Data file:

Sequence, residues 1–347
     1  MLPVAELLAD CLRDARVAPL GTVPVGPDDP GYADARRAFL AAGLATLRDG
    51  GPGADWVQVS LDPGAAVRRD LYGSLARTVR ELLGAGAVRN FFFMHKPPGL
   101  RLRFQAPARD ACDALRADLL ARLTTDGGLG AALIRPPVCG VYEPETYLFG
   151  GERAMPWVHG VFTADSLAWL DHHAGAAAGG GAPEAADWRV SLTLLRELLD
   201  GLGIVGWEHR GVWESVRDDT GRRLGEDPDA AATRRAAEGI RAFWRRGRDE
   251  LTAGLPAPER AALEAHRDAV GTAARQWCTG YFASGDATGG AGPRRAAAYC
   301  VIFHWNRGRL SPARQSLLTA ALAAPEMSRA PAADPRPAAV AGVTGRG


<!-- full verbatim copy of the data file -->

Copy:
Sequence, residues 1–347
     1  MLPVAELLAD CLRDARVAPL GTVPVGPDDP GYADARRAFL AAGLATLRDG
    51  GPGADWVQVS LDPGAAVRRD LYGSLARTVR ELLGAGAVRN FFFMHKPPGL
   101  RLRFQAPARD ACDALRADLL ARLTTDGGLG AALIRPPVCG VYEPETYLFG
   151  GERAMPWVHG VFTADSLAWL DHHAGAAAGG GAPEAADWRV SLTLLRELLD
   201  GLGIVGWEHR GVWESVRDDT GRRLGEDPDA AATRRAAEGI RAFWRRGRDE
   251  LTAGLPAPER AALEAHRDAV GTAARQWCTG YFASGDATGG AGPRRAAAYC
   301  VIFHWNRGRL SPARQSLLTA ALAAPEMSRA PAADPRPAAV AGVTGRG